Nigel, I do take some of your points
There is much research yet to do on Nazeing
Book references aside -
I can only hold a piece of Monart with it's beautiful swirls so perfectly crafted by the glass maker with (yes we all know it was Xmas glitter) mica flakes glittering perfectly - I know not all had Mica flakes, but even those without have an evenness and balance of design
I can then hold a piece of signed Gray-Stan with it's delicate white inner surface and perfectly executed cloudy swirls going in this direction and that all again aesthetically balanced
I can say the same for Clutha, but I fear we are talking an earlier date here with the Dresser pieces I would hold up for comparison
I then hold up a piece of Nazeing with the label and see blotches instead of well defined and researched swirls or cased patterns, I see a crudely made piece which seems out of proportion, the glass thinner at some places than others and uneven (non ground rim)
This is what I see with my designerâ€™s eyes and 15 years in the glass collecting researching business
More research may hype prices, but quality is a thing more lasting than what would be a cause for inflation
So with all the research that has been done on Monart/Vasart, Powell, WMF, Gray-Stan (I love the story about the search for the perfect formulae), why has no one researched Nazeing to the same extent
I look forward to your further research work and wait to be flabbergasted by some amazing piece of Nazeing that sets the world alight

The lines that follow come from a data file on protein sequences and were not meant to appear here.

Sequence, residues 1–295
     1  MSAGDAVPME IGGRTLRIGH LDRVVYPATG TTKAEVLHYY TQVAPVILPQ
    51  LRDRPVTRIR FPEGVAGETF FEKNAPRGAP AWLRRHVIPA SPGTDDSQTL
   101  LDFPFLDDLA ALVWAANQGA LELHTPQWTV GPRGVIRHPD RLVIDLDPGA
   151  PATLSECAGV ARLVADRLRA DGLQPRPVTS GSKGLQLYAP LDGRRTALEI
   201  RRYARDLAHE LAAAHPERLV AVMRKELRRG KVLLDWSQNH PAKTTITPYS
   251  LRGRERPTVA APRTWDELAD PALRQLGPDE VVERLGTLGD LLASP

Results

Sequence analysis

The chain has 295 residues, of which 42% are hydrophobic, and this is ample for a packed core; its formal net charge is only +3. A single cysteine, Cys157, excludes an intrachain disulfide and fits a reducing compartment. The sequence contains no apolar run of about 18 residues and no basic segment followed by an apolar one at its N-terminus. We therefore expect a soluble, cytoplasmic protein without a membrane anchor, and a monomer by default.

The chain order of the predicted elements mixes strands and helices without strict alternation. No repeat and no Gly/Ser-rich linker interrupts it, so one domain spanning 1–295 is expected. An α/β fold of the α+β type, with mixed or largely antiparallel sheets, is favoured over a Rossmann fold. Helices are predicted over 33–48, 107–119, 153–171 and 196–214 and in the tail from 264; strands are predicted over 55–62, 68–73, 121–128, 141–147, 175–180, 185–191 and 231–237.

By the way Frank, I don't agree you helped hype the prices of Monart and Vasart, you have never gone into deep research on WMF glass or Powell, yet a comparably rare piece will fetch the same amount as fine piece of Monart.
A note also on labels - Monart did no harm to the future prospects of their glass by labelling so well - those lovely round labels with hand written codes - I call that the personal touch of a true artisan - I mention this because a Monart label can increase the price by 4 times sometimes, it is collectors who are fascinated by this (like a 1st edition book - signed copy), I think yourself and others research into Monart labels has informed rather than hyped the market - after all each label can tell a story of it's own
Can the same be said of Nazeing?
For some reason it is almost impossible to find pieces with the double goat label left intact - most research seems to be done through retail labels
That has to say something
I expect many big guns will want to crucify me - but know this I have written only on what my own eyes and experience tell me
Nazeing are still going - this from the website (History section)
In 1928 Charles Kempton's son Richard, with two brothers, purchased a farmhouse and four acres of land near Nazeing in the Lee Valley and the name Nazeing Glass Works was born. With a workforce of just seven employees in 1930, the company made decorative ware, vases, bowls and paperweights in soft pastel colours, that are rare collectorâ€™s items today. One of the employees was a fifteen year old boy - who later became Managing Director in the 1960's!
I thank you for your time - and add if the company thinks that pastel vases made by a 15 year old boy are rare collectables then who am I to criticise
Adam D555 :twisted: :twisted: